Monday, 28 July 2008

Fuel and food myths

There is a panic in the press about rising fuel prices and rising food prices. This is misleading the public, because the reality is that for the past 40 years we have been living in a blip in history. We are now getting back to normality.

Historically, the basic necessities of life have consumed most of an average family's income. For hundreds of years, most of the income a family generated went on feeding, clothing and housing. But for the past 40 years, in Britain and Europe, all these commodities have been getting progressively cheaper and cheaper. But this reduction in cost was based on unsustainable premises.

I could argue that a lot of the western economy, based as it is on extreme capitalism, is under threat. Crocodile tears have been shed at the collapse, or near collapse, of financial institutions, but why should we care? What do they really contribute? When capitalism is taken to the extremes of globalisation, there are huge numbers of people making money out of doing absolutely nothing productive -- simply shifting money around (but of course somewhere, someone is almost certainly being exploited, as any old fashioned socialist can explain to you). I can't get too upset about this, except it does have a major impact on wildlife. It leads to ever more rapacious attacks on natural resources. Agriculture expands, to provide more and more, cheaper and cheaper food, for our wasteful societies. I recall a recent statistic that stated around 40% of food in the UK was wasted. No wonder the rainforests are being cut for soya plantations.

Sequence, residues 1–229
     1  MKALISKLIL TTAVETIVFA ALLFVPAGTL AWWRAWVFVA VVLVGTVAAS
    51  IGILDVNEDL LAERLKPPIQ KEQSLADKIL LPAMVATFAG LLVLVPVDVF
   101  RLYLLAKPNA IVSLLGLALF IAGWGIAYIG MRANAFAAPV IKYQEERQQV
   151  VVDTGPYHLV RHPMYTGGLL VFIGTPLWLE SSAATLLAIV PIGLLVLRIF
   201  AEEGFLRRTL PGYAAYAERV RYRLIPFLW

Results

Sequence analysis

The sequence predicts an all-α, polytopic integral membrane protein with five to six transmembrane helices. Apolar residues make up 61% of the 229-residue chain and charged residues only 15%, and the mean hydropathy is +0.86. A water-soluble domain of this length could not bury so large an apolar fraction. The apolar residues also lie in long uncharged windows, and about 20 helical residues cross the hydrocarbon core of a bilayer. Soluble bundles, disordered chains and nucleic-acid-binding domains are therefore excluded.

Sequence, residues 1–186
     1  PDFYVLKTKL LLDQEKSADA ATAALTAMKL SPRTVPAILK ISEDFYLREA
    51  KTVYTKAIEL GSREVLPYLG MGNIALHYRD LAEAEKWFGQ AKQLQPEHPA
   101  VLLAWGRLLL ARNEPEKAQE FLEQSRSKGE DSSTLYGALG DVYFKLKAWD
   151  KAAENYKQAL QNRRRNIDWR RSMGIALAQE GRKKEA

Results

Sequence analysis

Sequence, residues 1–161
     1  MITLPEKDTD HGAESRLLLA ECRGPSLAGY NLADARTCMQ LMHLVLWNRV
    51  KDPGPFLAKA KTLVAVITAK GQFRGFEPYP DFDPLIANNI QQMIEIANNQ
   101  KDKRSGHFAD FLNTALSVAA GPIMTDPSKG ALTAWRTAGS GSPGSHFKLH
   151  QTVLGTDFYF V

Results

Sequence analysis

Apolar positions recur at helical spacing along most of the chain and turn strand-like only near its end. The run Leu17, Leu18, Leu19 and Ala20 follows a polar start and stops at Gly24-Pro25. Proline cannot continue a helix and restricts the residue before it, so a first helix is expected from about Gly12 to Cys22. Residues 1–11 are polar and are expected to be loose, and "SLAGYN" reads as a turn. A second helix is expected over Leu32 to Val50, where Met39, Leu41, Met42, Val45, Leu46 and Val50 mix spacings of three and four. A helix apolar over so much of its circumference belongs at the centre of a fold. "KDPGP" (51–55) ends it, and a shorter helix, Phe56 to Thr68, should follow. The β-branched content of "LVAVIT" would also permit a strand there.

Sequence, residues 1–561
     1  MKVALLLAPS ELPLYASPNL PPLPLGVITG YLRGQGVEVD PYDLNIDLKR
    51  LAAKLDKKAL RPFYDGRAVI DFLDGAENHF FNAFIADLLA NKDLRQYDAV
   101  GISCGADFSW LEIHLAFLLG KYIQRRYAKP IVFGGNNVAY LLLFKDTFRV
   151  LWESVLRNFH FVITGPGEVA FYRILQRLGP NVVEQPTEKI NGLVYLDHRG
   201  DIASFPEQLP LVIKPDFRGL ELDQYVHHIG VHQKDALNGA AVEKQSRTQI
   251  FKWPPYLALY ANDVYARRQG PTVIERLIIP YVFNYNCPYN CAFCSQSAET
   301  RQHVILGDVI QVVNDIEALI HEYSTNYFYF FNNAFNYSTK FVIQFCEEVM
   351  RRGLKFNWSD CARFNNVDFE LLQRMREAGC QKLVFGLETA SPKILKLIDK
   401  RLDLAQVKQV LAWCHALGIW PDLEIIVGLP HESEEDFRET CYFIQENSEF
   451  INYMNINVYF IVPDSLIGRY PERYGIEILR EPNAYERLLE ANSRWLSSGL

What's the answer? Forget switching off the TV, we need to be far less wasteful in many other really big ways. Forget the idea of constant economic growth. Forget the idea that everything should be as cheap as possible, and thrown away in a few months. And bring population growth to the top of the political agenda. More and more people are going to put more and more pressure on resources; resources such as healthcare and transport.

I will repeat myself (and continue to do so whenever possible): Governments are using climate change and all environmental issues to obfuscate the real issue, and that is human population growth. And they are also ignoring the fact that any increase in population in a developed country, has significantly more environmental impacts than in a very poor country.

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